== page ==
Just after Marcello says "coraggio" to Rodolfo and he collapes onto the bed with those big chords and wails "MIMI!", I looked over my shoulder and noticed that the book was on fire. I was torn - the curtain was going to come down in about a minute - should I let it flame and hope the set doesn't catch on fire so as not to disturb the dramatic climax of the opera? But then it was REALLY flaming, so I made a quick move and at least moved it away from the flame of the candle. Unfortunately it didn't go out on it's own and started to look like the beginnings of an action movie (it was on a wooden chair right next to a wooden set). I removed myself from my embrace of Marcello, and picked the book up from the bottom and tried to shut it on itself to extinguish the flame. It didn't quite work so I had to bang it down one more time until the flame finally went out. I went back to my crying embrace with Marcello. Curtain. Georgia sat up immediately from her deadly coma and yelled "WHAT'S BURNING???"

I was sorry to have potentially altered the moment, but was relieved to have saved us all from dying in a fire. I had to do that metaphorically a couple of operas ago in Elmer Gantry, and those fake flames were scary enough.

Other than the fire, the performance went well. I was a little sick and so not as thrilled with the way I sang, but I didn't embarrass myself, and Georgia really was fantastic. Now if we can only prevent any natural disasters from distracting us from the next few performances, we ought to be golden.

Thursday, September 4, 2008

Opening tonight

So, tonight is the premiere of Boheme here in Bogota. The final dress rehearsal went quite well, but still with some room for improvement for the opening tonight. Unfortunately for me, I woke up feeling a little bit under the weather this morning. Just a tiny sore throat and a slightly groggy and sick body. But, I have done performances when I was MUCH sicker than I am now, so I can't say I'm terribly worried. Adrenaline does amazing things to shove your body through whatever it has to. And I sort of only have myself to blame because I haven't really been eating enough good food or getting enough sleep, and I haven't been taking my daily dose of emergen-c that usually keeps me healthy. But, as usual, the show will go on. Sometimes I actually sing better when I'm a little sick because my body has to really concentrate on making everything work and I can't go on automatic pilot.

Here are some photos of Georgia and I getting made up before the dress rehearsal. The make-up and hair process is slightly different than what we're used to, and while the end result looks great, the middle look was cracking us up. The eyelashes they put on Georgia were so gigantic that they looked like sleeping caterpillars up close (mine kept falling off, so we ended up just taking them off and using my real lashes). Also her hair looks pretty scary in this interim state, but I swear it looked very sweet and Mimi-ish when they finished.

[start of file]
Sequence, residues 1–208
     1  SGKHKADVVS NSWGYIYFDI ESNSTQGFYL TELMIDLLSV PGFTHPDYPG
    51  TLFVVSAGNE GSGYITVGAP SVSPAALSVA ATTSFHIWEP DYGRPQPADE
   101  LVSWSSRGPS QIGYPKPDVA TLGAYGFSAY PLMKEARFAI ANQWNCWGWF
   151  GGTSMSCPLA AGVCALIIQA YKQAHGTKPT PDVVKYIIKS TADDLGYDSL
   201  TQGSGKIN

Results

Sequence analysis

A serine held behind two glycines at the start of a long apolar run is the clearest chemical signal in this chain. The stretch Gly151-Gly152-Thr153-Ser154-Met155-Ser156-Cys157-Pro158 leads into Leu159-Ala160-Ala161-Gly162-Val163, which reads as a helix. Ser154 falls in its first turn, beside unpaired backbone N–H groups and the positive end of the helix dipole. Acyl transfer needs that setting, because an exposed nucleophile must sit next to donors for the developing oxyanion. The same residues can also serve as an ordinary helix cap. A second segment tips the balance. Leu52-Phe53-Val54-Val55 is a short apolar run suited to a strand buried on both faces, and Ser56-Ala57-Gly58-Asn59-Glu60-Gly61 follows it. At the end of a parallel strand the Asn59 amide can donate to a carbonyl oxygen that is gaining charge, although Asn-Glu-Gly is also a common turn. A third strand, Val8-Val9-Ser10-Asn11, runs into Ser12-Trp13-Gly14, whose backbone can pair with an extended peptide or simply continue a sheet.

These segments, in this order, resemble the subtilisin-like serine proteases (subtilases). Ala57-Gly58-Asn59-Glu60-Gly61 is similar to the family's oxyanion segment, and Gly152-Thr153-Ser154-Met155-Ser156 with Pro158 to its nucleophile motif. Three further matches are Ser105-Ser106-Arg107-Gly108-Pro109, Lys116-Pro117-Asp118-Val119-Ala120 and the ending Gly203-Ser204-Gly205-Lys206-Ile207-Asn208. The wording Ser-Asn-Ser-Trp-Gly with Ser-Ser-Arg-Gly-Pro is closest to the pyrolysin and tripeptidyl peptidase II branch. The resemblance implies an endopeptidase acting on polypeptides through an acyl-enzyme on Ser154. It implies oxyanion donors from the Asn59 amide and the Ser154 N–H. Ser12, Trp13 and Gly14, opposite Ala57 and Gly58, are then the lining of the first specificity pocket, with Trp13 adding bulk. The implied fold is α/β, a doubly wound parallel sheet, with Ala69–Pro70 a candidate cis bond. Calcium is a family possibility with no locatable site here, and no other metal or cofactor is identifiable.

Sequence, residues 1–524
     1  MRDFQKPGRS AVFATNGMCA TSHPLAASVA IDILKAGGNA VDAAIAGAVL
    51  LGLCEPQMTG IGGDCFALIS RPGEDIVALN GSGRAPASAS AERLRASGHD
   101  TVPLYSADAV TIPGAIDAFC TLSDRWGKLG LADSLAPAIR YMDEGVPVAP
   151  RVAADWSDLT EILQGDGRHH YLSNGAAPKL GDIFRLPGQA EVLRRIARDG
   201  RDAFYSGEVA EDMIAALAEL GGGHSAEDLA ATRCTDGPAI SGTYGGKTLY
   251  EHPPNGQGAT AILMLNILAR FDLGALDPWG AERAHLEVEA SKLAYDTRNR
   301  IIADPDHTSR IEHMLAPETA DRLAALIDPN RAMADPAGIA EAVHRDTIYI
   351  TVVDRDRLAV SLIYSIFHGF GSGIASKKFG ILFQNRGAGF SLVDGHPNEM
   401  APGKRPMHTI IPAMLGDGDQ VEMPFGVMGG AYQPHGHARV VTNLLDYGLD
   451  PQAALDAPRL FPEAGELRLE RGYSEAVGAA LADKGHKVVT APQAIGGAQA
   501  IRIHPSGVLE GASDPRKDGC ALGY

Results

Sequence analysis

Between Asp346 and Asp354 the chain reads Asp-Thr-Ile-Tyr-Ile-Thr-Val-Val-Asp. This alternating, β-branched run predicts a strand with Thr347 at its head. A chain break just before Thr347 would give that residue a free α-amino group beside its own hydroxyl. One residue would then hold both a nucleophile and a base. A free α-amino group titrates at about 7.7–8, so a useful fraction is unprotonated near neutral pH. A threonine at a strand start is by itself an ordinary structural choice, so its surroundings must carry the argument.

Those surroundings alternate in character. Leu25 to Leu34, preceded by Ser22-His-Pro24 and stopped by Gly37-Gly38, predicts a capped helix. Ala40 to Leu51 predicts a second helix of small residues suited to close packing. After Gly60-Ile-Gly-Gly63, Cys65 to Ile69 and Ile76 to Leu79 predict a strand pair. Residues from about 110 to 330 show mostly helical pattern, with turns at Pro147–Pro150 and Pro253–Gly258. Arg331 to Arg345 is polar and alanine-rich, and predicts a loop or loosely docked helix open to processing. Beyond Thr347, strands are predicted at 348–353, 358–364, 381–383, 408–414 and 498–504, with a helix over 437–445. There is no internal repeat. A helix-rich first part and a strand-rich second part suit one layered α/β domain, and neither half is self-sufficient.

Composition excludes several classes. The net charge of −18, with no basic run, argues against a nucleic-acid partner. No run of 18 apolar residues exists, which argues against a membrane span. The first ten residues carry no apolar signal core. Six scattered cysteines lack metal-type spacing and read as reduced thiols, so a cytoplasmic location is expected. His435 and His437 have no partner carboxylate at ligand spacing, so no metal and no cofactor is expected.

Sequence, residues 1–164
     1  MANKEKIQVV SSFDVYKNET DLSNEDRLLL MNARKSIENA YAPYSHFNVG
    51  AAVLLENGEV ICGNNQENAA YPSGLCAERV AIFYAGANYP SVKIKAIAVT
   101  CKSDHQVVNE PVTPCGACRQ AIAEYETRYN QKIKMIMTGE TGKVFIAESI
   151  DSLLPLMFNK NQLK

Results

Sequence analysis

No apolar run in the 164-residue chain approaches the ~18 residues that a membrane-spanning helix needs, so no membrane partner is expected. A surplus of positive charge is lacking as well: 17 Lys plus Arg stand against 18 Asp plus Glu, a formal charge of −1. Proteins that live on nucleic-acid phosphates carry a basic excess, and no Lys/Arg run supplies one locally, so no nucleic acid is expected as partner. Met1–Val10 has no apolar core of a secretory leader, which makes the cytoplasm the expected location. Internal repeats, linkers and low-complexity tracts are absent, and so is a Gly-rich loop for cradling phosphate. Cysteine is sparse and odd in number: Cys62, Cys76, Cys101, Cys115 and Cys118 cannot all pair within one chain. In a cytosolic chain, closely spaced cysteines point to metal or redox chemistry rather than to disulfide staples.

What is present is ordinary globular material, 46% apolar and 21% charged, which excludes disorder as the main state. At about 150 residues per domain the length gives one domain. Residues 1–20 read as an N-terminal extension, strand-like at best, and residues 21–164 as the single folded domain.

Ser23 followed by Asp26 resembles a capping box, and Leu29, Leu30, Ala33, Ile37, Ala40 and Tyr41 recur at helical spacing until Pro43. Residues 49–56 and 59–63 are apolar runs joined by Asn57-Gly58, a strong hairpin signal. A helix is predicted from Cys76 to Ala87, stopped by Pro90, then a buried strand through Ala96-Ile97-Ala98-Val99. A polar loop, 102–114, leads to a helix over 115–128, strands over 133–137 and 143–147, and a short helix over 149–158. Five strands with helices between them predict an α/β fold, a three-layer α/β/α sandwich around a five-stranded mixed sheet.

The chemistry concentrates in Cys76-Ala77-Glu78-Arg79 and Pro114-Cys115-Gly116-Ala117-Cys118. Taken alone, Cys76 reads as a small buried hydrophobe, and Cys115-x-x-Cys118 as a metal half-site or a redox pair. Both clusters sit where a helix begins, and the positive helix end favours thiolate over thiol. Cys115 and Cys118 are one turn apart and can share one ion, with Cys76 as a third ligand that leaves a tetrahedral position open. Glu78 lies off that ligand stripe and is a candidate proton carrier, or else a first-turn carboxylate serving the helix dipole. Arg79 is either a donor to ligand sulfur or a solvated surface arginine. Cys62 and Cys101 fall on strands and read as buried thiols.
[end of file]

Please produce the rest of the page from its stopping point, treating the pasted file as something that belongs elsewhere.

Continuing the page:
We also thought it was fun that we were having our make-up and hair done side by side like this, and our Colombian make-up artists thought it was funny that we kept taking pictures of ourselves in the mirror. I also love that the make-up artists have their combs sticking out of their heads at the exact same angle in this shot.

We'll do our best tonight and let you know know it goes!

Tuesday, September 2, 2008

Before the show

The last week has been interesting. The rehearsal schedule was unusual, and we never really knew what was happening exactly. Tonight is the final dress rehearsal and Thursday is the opening, and I suppose we'll be ready, but last night was not the best indicator. Last night we had a dress rehearsal and it was really our first time on the sets as they will be (we think). There were some big surprises - like the fact that the bohemian's apartment is actually on a platform that limits the amount of stage space we thought we had into about half of how we rehearsed it, and there is a giant post in the middle of the set which you can end up standing behind half the time if you're not careful. It's always normal to feel confused your first time on the set, and this rehearsal was no exception. My biggest faux pas last night was that when I was supposed to throw a snowball at Marcello, I missed him and threw it into the pit. I thought it was going to be a ball of rice that would fall apart when I threw it, but instead it was more like a tennis ball covered in coconut shavings, so it sailed right past Marcello into the pit, missed the conductor by inches, bounced off his stand, bounced off the first violists stand, and landed at the conductor's feet. In the States, if something is thrown into the pit, the rehearsal stops and the orchestra may decide to leave and go home because the chances of the flying object damaging one of their instruments is too great to risk such lack of cautionary measures taken by the production team. We didn't stop the rehearsal, but I was horrified.

The other thing about last night that was really funny was the fact that Georgia and I share a relatively small dressing room, and we each have a dresser and a make-up person to ourselves, so often times there are six of us in this dressing room which is the size of a large bathroom. As usual, the Colombians are incredibly nice and kind, so we love having them around, but at times the feeling in the dressing room can get so claustrophobic that I have to go outside and stand in the hallway. This was one of those times (you can't see Georgia - she's sitting behind one of the ladies, but she's in there too).

The costumes are really beautiful. My first act dress is this incredible shade of green and I adore it. Here's a photo of me in the costume wearing my own jacket because I was a little cold. I promise to put some better shots of the dress in later blog entries.

Georgia has this really cool costume in the third act with this very sassy fur collar. She loves it, but it's really HOT. Here's a photo of her overcome with heat stroke and general colombian exhaustion.

We're going to do our best and have as much fun as we can tonight and with the rest of the shows. It won't always be easy with strange platforms and heavy snowballs, but we'll do what we can.